Why I Farm (or Homestead)

Why I Farm: Paul Kempf


I come from a long line of Irish farmers…

It’s really my maternal grandparents fault. My grandfather was born in Ireland in 1900. He came from a wealthy family of tobacco/potato dealers. When he immigrated here in the early teens, Ireland was still an English colony. My maternal grandmother’s people came during the Great Famine of the 1850’s. They settled initially in Long Island, New York – were they grew – potatoes. It was there she met my grandfather – he drove a potato truck for the family business. Sometime during the Depression they moved to the Catskill Mountains – they found the bony, mountain land not conducive to potatoes. So, they switched to livestock – sheep and dairy cattle. I was born on their farm, in Cornwallville, NY, on Windham Mountain.

Eventually, my parents would buy their own farm, in the Town of Greenvile, about 20 miles east of my grandparents. It was a big, old farmhouse (13 rooms),

Why I Farm: Dennis Hitzeman


I farm because one day I realized not enough people grow actual food, and if I didn’t start doing it, I was part of the problem.

I should probably start at the beginning of the story: I worked for 20 years in information technology, 15 years of that with the military. Along the way, I went a lot of places and learned a lot of things, and one of the things I learned was how precarious this whole arrangement we call modern life really is.

This process of learning was gradual until I experienced three events. First, I spent 30 days in southwestern Mississippi in the immediate aftermath of Hurricane Katrina. Then, I happened to be in St. Louis in 2007 when the city was hit by severe thunderstorms and tornadoes, and in Dayton, Ohio a year later when a windstorm spawned by Hurricane Ike knocked out power to a large part of Ohio.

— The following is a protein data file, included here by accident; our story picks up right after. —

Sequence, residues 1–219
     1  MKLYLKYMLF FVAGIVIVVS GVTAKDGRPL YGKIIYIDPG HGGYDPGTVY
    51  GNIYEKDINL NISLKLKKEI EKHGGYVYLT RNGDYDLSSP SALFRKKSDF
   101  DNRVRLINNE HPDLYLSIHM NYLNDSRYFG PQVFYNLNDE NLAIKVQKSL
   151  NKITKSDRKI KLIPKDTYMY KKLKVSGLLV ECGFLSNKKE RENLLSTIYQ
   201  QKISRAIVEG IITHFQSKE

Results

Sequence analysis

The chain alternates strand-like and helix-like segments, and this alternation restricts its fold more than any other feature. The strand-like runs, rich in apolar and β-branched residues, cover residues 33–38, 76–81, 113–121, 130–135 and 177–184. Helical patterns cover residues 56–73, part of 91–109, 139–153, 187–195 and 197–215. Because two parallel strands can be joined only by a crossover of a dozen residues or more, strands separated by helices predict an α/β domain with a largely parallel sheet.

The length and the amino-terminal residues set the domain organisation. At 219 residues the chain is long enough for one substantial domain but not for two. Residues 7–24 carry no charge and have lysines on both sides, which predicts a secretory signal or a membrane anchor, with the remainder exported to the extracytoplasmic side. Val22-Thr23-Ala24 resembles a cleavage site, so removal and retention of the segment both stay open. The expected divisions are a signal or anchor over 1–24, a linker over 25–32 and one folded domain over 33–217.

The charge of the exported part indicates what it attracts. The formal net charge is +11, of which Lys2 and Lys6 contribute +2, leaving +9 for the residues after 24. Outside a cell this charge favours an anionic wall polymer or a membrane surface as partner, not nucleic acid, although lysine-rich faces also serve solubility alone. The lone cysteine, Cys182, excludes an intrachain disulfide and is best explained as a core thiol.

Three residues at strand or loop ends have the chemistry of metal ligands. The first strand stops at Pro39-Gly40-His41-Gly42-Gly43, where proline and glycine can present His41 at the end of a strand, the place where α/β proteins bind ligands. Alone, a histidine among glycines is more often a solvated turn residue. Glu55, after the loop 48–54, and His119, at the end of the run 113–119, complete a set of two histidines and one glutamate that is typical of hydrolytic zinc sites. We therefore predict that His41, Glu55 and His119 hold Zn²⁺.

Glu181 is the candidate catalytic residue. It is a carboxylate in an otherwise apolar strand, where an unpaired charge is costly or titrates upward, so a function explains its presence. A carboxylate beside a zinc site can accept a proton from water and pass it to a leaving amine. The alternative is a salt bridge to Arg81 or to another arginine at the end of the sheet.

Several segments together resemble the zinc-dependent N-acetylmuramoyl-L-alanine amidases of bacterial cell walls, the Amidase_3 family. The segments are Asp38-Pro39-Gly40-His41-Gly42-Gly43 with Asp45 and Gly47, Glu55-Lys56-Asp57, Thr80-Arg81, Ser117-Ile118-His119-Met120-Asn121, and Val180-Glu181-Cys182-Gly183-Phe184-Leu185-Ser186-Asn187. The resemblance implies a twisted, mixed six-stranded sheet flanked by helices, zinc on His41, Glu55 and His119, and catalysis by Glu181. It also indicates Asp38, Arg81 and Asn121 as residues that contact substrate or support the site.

The experiences I had as a result of those three events drove home the idea that something was wrong—very wrong—with the way we live.

Why I Don’t Farm Yet: John Depew

Lost John

The cabin is built intelligently, bermed halfway up the first floor on three sides, and wood heated. We cut our own wood in the state park, and I have no intention of ever heating any other way, just as I have no interest in living in any town or city, whatever size.

The reason why I do not yet farm is simple: Land. The price of land here has doubled in the last ten years, which I suppose is about the average across the nation. Farmland in this great Jeffersonian grid currently sells for around $2000/acre, which is great compared to almost anywhere else in the country, until you realize that essentially the smallest parcel you are likely to find for sale is 80 acres. Usually 160, a quarter section. The moment you are able to shoot or photograph a large whitetail buck on said land, count on the price going to $3000, since the rich non-resident hunters are eager to buy good wooded land and let it grow up into a huge brush heap so that they can be sure to shoot a deer the one weekend a year they’re in the county. For that matter, a pretty good chunk of the farmland in the county is owned by non-residents too,